Fernando Poeta and Fernando Fortes winning the Guaporé round during 2017 Brazilian endurance season. Fonte: Mottin Racing (4)

In the Brazilian Championship, however, the MCR V10 suffered from reliability issues during the early rounds, achieving as best result a second place in class in the 500 km of São Paulo. The problems kept the team away from the title run in 2017.

For the 2018 season, the GP1 class was split into GT3 for FIA GT3 class cars and P1, for LMP3 and tubeframe sports prototypes with large displacement engines. This season saw the arrival of a new generation of competitors, like the Sigma P1 and an increase in the number of AJRs running.This meant that Mottin Racing wasn’t able to capture any class or overall victory. However, the MCR’s good reliability meant the trio of Claudio Ricci, Fernando Poeta and Beto Giacomelli could capture 5 podium finishes in 7 rounds, managing to take third place in 2018 Endurance Brasil Championship and the P1 championship title in the Endurance RS Championship.

Technical Analysis

MCR Lamborghini chassis. Source: Racecarpres (1).

As mentioned earlier, the MCR Grand Am has a tubeframe chassis, with carbon steel square tubes for the front and rear structures, and round tubes for the roll cage, as required by FIA Annex J.

Viewed from the front, the MCR Lamborghini is a mix of elements from Daytona and Le Mans Prototypes. That’s mainly because the cockpit is quite large (1), Daytona style, however the design aero design has otherwise a European approach, like the raised nose (2). During its career, the car received quite a few combinations of dive planes in the front: during development, two fins were used per fender, however the upper element was changed for a larger one already in the car debut, probably seeking more front downforce to help with aero balance. For 2017, the lower element also grew in size, similar to the superior element (3), while in 2018 only the lower element was kept. Curiously, the prototype haven’t had integrated headlights during the 2016/2017 season, initially using lights embedded to the side mirrors (see below), that eventually got replaced by LED lights mounted on the fenders (4).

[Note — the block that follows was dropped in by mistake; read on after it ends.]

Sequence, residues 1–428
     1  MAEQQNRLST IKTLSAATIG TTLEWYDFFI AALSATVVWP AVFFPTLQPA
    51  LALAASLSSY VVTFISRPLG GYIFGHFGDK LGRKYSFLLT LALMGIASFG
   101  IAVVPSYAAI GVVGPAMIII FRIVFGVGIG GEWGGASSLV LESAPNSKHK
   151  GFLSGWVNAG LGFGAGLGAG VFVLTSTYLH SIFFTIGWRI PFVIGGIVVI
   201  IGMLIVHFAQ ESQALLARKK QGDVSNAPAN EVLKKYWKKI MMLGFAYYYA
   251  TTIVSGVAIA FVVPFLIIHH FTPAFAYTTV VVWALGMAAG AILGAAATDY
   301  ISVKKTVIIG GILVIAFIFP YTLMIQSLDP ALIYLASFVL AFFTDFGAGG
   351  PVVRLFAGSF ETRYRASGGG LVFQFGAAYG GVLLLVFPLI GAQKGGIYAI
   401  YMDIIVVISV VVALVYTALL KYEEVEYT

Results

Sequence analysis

Opposed to other contemporary Brazilian prototypes that put the driver right in the middle of the cockpit, in the MCR the driver sits lightly off-set to the left.

In 2018, the MCR’s front end received a few updates, like integrated headlights (5) and 2 NACA ducts, probably to help with brake cooling (6).

The cooling layout is somewhat odd for a mid-engine prototype, as the radiator is mounted in the front (a carry-over solution from the Gallardo GT3), venting the hot air through an hood opening similar to those found in GT cars. Front wheel arches have wheel cuts to help reduce induced lift by the spinning duo of tire + rim.

Viewed from another angle, the side profile is very similar to the Daytona Prototypes, displaying two large NACA ducts that drive air to the rear brakes (7) and 2 smaller ones that vent the engine bay (8).

Initially, the MCR Grand Am haven’t had any air intake over it’s roof, however in 2016 a small air intake was added. In 2017, what resembles an air exhaust was added, resulting in a very unique layout. Considering were the engine air intake is positioned, these air intake/exhausts seem to have a function to help the cockpit ventilation.

Viewed from behind, the MCR Grand Am has a large diffuser (9), with two elements with higher inclination, and a less aggressive center element with two inner strakes to help separate the airflow. This element is partially supported by two stems attached to the rear wing mounts. The exhaust pipes (10) are placed in what seems to be almost the same position as the GT3 Gallardo. The rear wing itself (11), resembles a lot the Gallardo rear wing, as a comparison between the two cars shows. Somewhat strange, there is a polycarbonate rear glass, which may improve rear w view capabilities a lot.

style=”text-align: justify;”>For the 2019 season, Fernando Poeta and Beto Giacomello has chosen to store the MCR, and returned to race the GT3 Gallardo in the recently created GT3 Light class, for FIA GT3 class built before 2012 and Stock Cars.


Galeria de Imagens – Império Endurance Brasil 2019. Available at:

Racecarpress. Available at:

O novo protótipo MCR Grand-Am V10 foi testado em Tarumã. Available at:

Mottin Racing: Available at:


[1]: Sourced from: Galeria de Imagens – Império Endurance Brasil 2019. Available at:

[2]: Sourced from: Racecarpress. Available at:

[3]: Sourced from: O novo protótipo MCR Grand-Am V10 foi testado em Tarumã. Available at:

[4]: Sourced from: Mottin Racing: Available at: